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Meyrin Fields by Broken Bells

Broken Bells

Meyrin Fields

Release Date: Mar 29, 2011

Genre(s): Pop/Rock, Alternative/Indie Rock, Alternative Pop/Rock, Indie Rock, Indie Pop

Record label: Columbia


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Album Review: Meyrin Fields by Broken Bells

Very Good, Based on 8 Critics

Rolling Stone - 100
Based on rating 5/5

James Mercer and Danger Mouse are first-class astral geeks. And on last year's Broken Bells, the Shins frontman and the hip-hop surrealist came up with melancholic psychedelic folk hop - somewhere between Pet Sounds and De La Soul Is Dead. This EP suggests their one-off is a full-on "project." Mercer rolls out bright, mussy melodies and turns up his guitar a little, and D.M.

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Entertainment Weekly - 79
Based on rating B+

If Broken Bells, the pairing of producer/Gnarls Barkley alum Brian Burton (a.k.a. Danger Mouse) and Shins frontman James Mercer is not quite as magical as that of, say, peanut butter and jelly, it still makes for a subtly savory sonic morsel. Burton builds layered, twilit soundscapes for Mercer’s pensive musings; these songs are the stuff of cloudy days and sleepless nights, and that’s okay.

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Under The Radar - 70
Based on rating 7/10

A little more than a year after Broken Bells—the inspired duo of The Shins' James Mercer and Danger Mouse—released an album together, the Meyrin Fields EP further showcases their glitchy-yet-melodic space pop. Only two of the four songs are technically new, but quality is what counts here. Crunchy and distant but still endearing, the duo breaks down technology to make it sound breezy.

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Drowned In Sound - 70
Based on rating 7/10

At four songs in length, Broken Bells’ Meyrin Fields certainly couldn’t be accused of containing any filler. Small and perfectly formed, this EP from The Shins’ James Mercer and Danger Mouse provides a welcome interlude in the wait for a new album. Which presents this listener with a dilemma: because for all the magic dust sprinkled across these four tracks, it’s difficult to shake the feeling that it could be more.

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AllMusic - 70
Based on rating 7/10

When a producer as prolific as Danger Mouse and a songwriter as multifaceted as James Mercer get together, there are bound to be some bizarre studio concoctions. While their self-titled debut album as Broken Bells was promising, it occasionally felt like the duo was holding itself in check. Meyrin Fields, however, unleashes the more psychedelic side of the band's talents with songs that are less subdued and studied, and more fanciful and energetic.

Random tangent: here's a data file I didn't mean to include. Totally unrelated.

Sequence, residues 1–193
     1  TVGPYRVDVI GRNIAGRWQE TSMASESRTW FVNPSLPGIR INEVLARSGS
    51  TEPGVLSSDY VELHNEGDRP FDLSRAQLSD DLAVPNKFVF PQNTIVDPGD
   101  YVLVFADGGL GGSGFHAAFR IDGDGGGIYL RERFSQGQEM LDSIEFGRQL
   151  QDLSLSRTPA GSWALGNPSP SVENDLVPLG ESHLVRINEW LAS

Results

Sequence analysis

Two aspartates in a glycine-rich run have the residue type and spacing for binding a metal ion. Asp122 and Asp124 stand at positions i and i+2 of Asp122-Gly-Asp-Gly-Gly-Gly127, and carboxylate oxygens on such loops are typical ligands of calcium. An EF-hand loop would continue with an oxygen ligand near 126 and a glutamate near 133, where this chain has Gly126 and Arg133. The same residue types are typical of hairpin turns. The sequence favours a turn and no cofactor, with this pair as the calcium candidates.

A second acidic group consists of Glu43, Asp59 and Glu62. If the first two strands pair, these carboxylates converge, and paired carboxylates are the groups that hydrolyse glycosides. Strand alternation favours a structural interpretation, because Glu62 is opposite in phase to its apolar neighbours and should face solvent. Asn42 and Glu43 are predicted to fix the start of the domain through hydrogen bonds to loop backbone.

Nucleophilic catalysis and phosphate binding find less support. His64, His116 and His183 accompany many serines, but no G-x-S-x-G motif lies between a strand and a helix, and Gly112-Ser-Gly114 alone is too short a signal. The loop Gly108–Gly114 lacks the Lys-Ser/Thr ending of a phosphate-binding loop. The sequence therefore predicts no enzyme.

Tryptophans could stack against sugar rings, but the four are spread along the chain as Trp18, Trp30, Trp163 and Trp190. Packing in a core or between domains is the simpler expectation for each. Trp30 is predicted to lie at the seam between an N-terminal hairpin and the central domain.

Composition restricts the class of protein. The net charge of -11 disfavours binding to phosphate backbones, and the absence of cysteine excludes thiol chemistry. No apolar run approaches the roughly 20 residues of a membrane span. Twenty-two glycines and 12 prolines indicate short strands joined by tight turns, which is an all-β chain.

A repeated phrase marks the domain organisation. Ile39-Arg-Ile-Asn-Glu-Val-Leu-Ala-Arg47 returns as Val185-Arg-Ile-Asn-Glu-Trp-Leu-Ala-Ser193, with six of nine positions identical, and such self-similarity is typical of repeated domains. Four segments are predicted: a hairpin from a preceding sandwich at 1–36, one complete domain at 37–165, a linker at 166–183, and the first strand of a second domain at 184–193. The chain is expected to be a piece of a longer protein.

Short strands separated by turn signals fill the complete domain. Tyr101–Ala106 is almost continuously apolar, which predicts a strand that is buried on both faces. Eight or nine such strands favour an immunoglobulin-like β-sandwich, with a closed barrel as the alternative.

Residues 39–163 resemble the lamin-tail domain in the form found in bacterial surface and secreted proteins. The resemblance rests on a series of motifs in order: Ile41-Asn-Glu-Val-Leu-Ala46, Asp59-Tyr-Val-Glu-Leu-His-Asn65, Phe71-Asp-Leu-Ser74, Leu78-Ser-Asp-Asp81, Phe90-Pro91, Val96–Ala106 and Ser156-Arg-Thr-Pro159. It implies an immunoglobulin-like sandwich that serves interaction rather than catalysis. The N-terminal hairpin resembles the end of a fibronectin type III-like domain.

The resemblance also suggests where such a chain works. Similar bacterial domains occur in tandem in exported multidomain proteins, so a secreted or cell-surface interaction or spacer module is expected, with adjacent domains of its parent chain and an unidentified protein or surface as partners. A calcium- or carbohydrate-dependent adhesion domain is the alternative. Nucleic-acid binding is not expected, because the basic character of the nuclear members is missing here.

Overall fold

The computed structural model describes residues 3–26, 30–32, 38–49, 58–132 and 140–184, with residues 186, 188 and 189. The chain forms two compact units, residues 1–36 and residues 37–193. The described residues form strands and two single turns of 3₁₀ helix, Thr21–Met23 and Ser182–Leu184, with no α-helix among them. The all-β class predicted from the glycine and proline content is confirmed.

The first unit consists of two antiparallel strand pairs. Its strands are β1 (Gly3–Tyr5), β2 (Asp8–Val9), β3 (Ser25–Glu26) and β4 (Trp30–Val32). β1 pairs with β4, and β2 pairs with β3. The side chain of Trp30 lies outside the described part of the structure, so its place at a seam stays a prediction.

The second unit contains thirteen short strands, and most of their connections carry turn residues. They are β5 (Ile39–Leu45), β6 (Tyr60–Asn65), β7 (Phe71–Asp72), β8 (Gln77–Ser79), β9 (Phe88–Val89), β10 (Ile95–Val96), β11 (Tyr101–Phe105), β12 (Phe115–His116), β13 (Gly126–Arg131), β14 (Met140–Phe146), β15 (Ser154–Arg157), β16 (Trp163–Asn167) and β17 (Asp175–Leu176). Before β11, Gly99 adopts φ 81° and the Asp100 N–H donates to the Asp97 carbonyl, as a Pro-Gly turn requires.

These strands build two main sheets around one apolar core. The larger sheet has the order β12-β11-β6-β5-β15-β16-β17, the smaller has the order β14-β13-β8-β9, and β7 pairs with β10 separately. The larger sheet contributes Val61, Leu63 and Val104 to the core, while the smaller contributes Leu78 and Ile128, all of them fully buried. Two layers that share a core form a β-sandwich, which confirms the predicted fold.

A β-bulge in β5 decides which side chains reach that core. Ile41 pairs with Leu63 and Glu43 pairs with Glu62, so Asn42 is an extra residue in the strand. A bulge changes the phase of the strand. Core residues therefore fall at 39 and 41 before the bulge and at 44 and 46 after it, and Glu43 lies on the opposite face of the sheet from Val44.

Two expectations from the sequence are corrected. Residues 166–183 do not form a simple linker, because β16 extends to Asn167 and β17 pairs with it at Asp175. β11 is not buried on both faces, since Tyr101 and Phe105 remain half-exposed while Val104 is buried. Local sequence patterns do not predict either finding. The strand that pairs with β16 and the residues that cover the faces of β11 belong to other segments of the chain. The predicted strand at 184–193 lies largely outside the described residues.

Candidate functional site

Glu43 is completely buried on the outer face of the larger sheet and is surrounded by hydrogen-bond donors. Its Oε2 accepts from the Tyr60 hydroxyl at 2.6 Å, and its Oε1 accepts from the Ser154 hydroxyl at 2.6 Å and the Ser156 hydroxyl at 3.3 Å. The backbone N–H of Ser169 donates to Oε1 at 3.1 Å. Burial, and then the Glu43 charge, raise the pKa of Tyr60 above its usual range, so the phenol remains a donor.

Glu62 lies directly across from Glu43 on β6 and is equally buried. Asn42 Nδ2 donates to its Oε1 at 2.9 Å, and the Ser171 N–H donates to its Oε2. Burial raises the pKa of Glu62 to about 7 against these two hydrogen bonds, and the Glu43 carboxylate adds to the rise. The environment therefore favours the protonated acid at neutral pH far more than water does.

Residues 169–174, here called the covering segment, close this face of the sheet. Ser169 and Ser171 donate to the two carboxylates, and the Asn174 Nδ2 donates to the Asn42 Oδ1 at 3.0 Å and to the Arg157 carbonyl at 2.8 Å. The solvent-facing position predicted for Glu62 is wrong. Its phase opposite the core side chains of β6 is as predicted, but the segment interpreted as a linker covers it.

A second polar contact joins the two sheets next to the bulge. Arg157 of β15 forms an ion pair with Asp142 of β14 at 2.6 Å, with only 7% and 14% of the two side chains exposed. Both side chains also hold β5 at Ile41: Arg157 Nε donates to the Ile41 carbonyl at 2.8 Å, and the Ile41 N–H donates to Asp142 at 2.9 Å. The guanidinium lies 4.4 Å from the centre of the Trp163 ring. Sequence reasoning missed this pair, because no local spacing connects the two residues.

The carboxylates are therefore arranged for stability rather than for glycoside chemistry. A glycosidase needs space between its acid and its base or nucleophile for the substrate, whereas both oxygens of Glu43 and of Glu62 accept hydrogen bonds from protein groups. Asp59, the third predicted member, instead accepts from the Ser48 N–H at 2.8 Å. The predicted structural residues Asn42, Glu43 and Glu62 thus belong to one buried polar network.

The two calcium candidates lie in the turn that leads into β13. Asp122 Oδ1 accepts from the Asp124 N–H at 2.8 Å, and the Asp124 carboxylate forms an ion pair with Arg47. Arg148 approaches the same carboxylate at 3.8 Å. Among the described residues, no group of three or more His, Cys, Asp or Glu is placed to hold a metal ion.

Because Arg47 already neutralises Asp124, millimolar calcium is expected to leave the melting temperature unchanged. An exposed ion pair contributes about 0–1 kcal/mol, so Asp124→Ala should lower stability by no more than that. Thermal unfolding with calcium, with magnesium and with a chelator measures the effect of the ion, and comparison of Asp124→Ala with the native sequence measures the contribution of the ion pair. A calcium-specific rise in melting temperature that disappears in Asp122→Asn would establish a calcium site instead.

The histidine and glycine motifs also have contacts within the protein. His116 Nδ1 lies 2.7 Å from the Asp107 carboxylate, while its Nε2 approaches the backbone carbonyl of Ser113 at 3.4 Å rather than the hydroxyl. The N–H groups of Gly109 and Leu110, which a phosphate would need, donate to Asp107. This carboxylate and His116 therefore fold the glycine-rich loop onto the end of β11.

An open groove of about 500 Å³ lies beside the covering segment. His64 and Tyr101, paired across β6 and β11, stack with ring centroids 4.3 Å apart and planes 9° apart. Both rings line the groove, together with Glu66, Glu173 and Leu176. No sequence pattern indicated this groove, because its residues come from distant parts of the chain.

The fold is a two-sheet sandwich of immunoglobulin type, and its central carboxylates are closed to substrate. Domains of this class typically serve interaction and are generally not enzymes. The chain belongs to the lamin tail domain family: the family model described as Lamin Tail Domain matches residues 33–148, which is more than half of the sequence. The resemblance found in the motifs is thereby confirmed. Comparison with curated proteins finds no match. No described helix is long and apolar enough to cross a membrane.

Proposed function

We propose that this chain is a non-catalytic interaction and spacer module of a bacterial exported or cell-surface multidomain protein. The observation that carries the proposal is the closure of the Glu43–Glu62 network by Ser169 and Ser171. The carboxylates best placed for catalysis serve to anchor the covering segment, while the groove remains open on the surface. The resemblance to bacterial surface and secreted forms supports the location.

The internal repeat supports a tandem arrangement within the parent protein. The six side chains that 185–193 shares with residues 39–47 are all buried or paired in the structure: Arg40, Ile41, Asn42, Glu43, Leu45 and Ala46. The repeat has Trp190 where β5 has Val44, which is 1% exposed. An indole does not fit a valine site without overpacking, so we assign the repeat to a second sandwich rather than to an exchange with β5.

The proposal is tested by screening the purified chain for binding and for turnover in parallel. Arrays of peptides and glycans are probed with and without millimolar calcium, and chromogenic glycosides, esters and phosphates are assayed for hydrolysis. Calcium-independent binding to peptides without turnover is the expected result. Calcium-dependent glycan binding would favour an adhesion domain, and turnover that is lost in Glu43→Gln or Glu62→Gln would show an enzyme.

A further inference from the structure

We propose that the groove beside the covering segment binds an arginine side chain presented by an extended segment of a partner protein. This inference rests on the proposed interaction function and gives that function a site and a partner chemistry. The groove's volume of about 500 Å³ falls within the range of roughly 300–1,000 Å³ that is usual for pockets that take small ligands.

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Pitchfork - 67
Based on rating 6.7/10

Broken Bells members James Mercer (of the Shins) and Danger Mouse, aka Brian Burton, each made their names on twisting the sounds of the 1960s-- the former turning the Beach Boys and the Kinks into gleefully obscure indie pop and the latter remixing the Beatles' White Album into a hip-hop backing track. The music they make together, however, sounds instead like radio hits from some 1960s vision of the future: love songs from a world that will never exist. That sense of unrealizable possibilities reinforced the sense of loss on their debut, and made songs like "The High Road" and "The Ghost Inside" sound bruised and battered, but not bitter or jaded.

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Consequence of Sound - 23
Based on rating D-

Forgive me for perhaps lending too much weight to intent, but I don’t know what Broken Bells have been trying to do here. It seemed like as early as 2008, James Mercer’s Shins day job was burned out or at least deeply dormant. It’s documented that Mercer was at an impasse with his fellow band members, aiming to tour less and do more in the studio than his longtime band mates were ready for.

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Alternative Press
Opinion: Average

Listening to Broken Bells—electro-pop collaboration between Shins leading man James Mercer and Beatles-bootlegger-turned-Gnarls-Barkley-superstar Danger Mouse—feels a bit like watching one of those weird high school flings between an A/V club super-dork and a cheerleader at the fore of a New Year’s resolution to start going for guys with a little more substance. For two weeks, everyone observes as she sweetly pretends to love the mix of Nirvana B-sides he’s given her, and he tries with little success to style his hair, but only the lovebirds themselves are capable of viewing the charade as anything other than a complete betrayal of the natural order. Mercer and Mouse create a similar dichotomy.

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